Yum repository management is an optional feature, and is not required to provision through cobbler. However, if cobbler is configured to mirror certain repositories, it can then be used to associate profiles with those repositories. Systems installed under those profiles will then be autoconfigured to use these repository mirrors in
/etc/yum.repos.d, and if supported (Fedora Core 6 and later) these repositories can be leveraged even within Anaconda. This can be useful if (A) you have a large install base, (B) you want fast installation and upgrades for your systems, or (C) have some extra software not in a standard repository but want provisioned systems to know about that repository.
Make sure there is plenty of space in cobbler’s webdir, which defaults to
Cobbler reposync is the command to use to update repos as configured with "cobbler repo add". Mirroring can take a long time, and usage of cobbler reposync prior to usage is needed to ensure provisioned systems have the files they need to actually use the mirrored repositories. If you just add repos and never run "cobbler reposync", the repos will never be mirrored. This is probably a command you would want to put on a crontab, though the frequency of that crontab and where the output goes is left up to the systems administrator.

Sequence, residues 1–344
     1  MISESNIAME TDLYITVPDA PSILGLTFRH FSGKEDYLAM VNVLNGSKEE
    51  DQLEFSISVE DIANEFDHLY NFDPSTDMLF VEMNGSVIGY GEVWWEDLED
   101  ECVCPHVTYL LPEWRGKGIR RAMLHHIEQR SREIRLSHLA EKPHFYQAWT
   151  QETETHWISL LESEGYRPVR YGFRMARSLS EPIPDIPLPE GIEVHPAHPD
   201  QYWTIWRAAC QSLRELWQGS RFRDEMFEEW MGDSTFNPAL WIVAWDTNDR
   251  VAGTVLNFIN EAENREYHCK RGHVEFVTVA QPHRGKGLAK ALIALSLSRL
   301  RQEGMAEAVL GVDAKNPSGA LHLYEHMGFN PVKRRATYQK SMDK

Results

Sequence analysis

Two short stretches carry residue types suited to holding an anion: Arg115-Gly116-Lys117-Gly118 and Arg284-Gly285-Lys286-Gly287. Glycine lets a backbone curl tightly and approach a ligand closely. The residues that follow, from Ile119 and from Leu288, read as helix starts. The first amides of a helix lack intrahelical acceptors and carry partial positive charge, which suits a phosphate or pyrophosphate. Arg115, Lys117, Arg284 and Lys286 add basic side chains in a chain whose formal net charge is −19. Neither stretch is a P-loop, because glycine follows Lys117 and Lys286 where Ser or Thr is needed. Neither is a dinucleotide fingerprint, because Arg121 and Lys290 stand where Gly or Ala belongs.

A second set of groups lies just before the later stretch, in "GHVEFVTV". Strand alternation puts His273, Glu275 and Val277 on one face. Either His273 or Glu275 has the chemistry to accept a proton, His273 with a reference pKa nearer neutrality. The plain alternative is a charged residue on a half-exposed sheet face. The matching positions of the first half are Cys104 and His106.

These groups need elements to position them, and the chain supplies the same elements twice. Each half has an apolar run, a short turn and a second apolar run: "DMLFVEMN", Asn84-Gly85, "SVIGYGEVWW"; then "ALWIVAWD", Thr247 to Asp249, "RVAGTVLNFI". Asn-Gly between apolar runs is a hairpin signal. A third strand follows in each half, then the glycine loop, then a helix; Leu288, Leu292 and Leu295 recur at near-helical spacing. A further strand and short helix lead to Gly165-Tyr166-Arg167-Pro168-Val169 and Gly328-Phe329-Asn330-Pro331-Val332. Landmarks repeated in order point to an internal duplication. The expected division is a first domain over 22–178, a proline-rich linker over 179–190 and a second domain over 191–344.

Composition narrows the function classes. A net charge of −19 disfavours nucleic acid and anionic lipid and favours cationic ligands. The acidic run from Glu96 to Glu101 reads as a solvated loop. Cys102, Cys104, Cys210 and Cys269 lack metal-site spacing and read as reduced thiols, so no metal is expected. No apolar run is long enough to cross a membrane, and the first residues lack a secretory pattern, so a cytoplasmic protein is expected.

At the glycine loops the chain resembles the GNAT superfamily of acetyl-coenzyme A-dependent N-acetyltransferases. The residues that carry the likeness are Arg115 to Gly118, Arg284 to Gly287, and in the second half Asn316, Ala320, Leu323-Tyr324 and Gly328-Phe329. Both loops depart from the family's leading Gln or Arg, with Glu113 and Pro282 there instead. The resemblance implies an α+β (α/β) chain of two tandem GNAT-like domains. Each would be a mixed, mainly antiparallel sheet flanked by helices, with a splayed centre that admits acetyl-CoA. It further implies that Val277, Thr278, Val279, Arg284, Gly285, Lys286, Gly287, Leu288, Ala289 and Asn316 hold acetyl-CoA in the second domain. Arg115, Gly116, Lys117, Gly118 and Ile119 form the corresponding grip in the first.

For those familiar with yum’s reposync, cobbler’s reposync is (in most uses) a wrapper around the yum command. Please use "cobbler reposync" to update cobbler mirrors, as yum’s reposync does not perform all required steps. Also cobbler adds support for rsync and SSH locations, where as yum’s reposync only supports what yum supports (http/ftp).
If you ever want to update a certain repository you can run:
When updating repos by name, a repo will be updated even if it is set to be not updated during a regular reposync operation (ex: cobbler repo edit --name=reponame1 --keep-updated=0).
Note that if a cobbler import provides enough information to use the boot server as a yum mirror for core packages, cobbler can set up kickstarts to use the cobbler server as a mirror instead of the outside world. If this feature is desirable, it can be turned on by setting yum_post_install_mirror to 1 in
/etc/cobbler/settings (and running "cobbler sync"). You should not use this feature if machines are provisioned on a different VLAN/network than production, or if you are provisioning laptops that will want to acquire updates on multiple networks.
The flags --tries=N (for example, --tries=3) and --no-fail should likely be used when putting reposync on a crontab. They ensure network glitches in one repo can be retried and also that a failure to synchronize one repo does not stop other repositories from being synchronized.